Plays and films about art invariably centre on work produced against a fraught personal life and the troubled soul of the artist. The Agony and The Ecstasy, Vincent In Brixton, even Sondheim’s Sunday In The Park With George show Michelangelo, Van Gogh and Seurat respectively battling demons both external and internal. So, it comes as no particular surprise that John Logan’s Red treads a similar path as it homes in on a particular period of the life of Mark Rothko. It was first produced at the Donmar in 2009 and then remounted in the West End in 2018; this latter is the source of the current recording.
It’s 1958 and Rothko is taking on a new assistant, Ken, who also wishes to be an artist. Rothko is in the middle of creating a series of works due to be hung in the Four Seasons restaurant in the newly finished Seagram building in New York. It is a major commission, and the artist has painted a whole series of canvases from which just a handful will be chosen. But he is very uneasy about what he is doing. He fears that the work torn from his very soul will simply be used as inappropriate decoration for rich diners to largely ignore and certainly misunderstand. It is the Rothko name/brand that it is important for his sponsors to acquire and he doesn’t really want to demean his art by selling his soul. So, in essence, this becomes a Faustian story as Rothko wrestles with his canvases, his new assistant and his own conscience.
Rothko is played by Alfred Molina as a great bull of a man who rages and shouts, apparently convinced of his own genius but, underneath this, deeply unsettled and fearful of selling out. It is a deeply felt and technically magnificent performance which totally dominates the first half and will surely be remembered as one of the key roles which this talented actor has or will ever assume. Molina doesn’t so much play the role as inhabit it and easily conveys the impression that he is responsible for the art works we see on stage.
This is a two-handed play so it would be relatively easy for the other actor to be swamped by Molina’s tsunami of stagecraft. However, this isn’t the case. Alfred Enoch plays Ken (in the first production it was Eddie Redmayne), at first hesitant and in awe of Rothko but gradually becoming a touchstone for the artist and, by the end of the play, able to give as good as he gets. In an emotional speech which questions everything Rothko stands for and believes in, Enoch invests his character with newly found power and shows that he has matured immeasurably. This powerhouse duo of two Alfreds (what are the chances?) toss artistic arguments back and forth and, courtesy of Logan’s erudite script, examine the artist’s role in society and the human condition too.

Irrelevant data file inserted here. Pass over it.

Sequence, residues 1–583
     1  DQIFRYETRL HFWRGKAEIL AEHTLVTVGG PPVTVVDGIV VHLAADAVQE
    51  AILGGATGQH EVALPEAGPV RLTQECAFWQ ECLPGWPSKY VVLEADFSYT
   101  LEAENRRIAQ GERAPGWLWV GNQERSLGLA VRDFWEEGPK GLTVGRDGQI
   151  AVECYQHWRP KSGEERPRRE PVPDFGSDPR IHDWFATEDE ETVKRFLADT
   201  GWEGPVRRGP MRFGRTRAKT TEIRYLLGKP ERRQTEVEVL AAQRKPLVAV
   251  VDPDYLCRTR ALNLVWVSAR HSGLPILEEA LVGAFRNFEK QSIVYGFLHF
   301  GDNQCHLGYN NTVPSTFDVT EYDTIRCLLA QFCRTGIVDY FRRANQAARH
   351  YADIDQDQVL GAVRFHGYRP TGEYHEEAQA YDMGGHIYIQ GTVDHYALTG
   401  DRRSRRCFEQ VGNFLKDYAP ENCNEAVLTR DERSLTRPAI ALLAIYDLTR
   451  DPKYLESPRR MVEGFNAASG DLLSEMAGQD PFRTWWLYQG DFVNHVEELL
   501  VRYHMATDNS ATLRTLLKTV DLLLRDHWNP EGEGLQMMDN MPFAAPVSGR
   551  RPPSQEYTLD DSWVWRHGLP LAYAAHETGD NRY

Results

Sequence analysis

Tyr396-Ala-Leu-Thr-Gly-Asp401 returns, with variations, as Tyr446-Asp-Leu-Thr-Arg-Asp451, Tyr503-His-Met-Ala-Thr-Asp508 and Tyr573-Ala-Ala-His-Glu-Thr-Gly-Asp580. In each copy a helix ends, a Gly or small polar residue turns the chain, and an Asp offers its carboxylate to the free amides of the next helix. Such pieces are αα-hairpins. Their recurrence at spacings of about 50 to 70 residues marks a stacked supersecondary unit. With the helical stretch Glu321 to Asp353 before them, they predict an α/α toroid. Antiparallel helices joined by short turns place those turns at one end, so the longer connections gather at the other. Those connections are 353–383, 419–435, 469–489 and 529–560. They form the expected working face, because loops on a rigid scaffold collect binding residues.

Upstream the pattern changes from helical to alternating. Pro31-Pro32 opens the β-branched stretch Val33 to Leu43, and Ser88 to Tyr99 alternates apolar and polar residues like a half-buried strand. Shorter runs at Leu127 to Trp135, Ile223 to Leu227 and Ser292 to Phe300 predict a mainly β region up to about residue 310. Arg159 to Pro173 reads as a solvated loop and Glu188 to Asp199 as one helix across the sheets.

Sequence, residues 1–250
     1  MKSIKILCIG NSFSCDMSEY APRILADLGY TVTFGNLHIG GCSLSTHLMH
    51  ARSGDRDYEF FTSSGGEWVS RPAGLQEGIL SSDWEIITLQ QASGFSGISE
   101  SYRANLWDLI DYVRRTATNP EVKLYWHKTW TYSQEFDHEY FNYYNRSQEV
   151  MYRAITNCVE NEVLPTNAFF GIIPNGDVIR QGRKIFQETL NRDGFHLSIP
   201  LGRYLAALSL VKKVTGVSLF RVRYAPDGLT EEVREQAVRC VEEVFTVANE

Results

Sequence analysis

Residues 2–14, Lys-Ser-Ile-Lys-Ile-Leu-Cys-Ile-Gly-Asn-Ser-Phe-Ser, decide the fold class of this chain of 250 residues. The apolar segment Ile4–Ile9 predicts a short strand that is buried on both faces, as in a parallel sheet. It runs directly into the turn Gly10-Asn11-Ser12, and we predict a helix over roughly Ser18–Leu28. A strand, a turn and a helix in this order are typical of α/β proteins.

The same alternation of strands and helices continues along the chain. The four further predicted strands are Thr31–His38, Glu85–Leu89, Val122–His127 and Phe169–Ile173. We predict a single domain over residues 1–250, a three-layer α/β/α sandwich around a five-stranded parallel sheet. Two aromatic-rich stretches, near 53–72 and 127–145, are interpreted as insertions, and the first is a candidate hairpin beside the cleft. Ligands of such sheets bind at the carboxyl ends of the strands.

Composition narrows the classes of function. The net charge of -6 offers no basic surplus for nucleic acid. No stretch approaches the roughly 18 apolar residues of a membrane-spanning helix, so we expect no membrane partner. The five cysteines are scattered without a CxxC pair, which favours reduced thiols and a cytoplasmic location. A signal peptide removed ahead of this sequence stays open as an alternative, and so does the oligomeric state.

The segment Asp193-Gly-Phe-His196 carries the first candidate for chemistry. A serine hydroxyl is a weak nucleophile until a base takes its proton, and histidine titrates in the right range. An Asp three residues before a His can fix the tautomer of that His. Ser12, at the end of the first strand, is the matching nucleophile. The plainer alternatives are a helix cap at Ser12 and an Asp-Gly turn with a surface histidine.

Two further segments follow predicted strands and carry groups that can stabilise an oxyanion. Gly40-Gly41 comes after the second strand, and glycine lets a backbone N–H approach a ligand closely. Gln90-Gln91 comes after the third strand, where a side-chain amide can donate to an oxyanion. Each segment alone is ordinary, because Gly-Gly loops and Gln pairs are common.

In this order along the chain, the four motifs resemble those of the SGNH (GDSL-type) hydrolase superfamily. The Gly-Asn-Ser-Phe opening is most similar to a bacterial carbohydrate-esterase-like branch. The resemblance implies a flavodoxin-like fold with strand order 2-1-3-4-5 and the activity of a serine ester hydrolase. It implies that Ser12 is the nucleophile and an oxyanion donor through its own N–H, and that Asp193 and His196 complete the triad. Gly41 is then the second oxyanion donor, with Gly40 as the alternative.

Michael Grandage is a director of distinction and flair and proves this once again by harnessing the rhythms of the script and the power of the actors to provide a compelling stage experience for the audience. In the most thrilling scene of the play Rothko and Ken prepare a canvas with its base colour (red, naturally) and has Molina and Enoch perform a virtual ballet of synchronised movement as they do so. It would be interesting to see the actual written stage direction for this section. It is probably quite straightforward but watching this sequence again as I did (one of the blessings of online theatre is that you can rewind and rewatch) it is evident that here is a case of a director adding value; in a blur of action the two actors almost seem to become one entity at this pivotal point in the narrative. The set designed by Christopher Oram is everything you expect an artist’s studio to be, dark and shuttered from the outside world; Rothko doesn’t like natural light – he doesn’t think it’s good enough. Neil Austin’s bold lighting illuminates the developing artworks to great effect. The painting themselves, huge slabs of red (sorry magenta, crimson, maroon, etc.) and black become something mythic and as Rothko himself puts it pulse through the gloom at us. No wonder he decried the advent of pop art with its lightness of touch and apparent lack of serious purpose.
While this could never be classed as an easy watch it is, nevertheless, a rewarding one which demonstrates the power of both art and theatrical performance to thrill and challenge. In its depiction of the two men and this turning point of artistic sensibility it beautifully demonstrates the central thesis that sons must challenge fathers, the old must give way to the new and art and theatre must constantly evolve and change in order to survive – a lesson which has been all too evident as Lockdown2 comes to a close.